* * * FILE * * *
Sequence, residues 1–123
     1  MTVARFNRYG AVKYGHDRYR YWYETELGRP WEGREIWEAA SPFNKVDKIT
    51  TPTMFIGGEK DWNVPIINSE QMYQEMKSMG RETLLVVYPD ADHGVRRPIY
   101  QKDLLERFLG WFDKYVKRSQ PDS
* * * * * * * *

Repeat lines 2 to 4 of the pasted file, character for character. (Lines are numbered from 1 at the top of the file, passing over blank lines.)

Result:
     1  MTVARFNRYG AVKYGHDRYR YWYETELGRP WEGREIWEAA SPFNKVDKIT
    51  TPTMFIGGEK DWNVPIINSE QMYQEMKSMG RETLLVVYPD ADHGVRRPIY
   101  QKDLLERFLG WFDKYVKRSQ PDS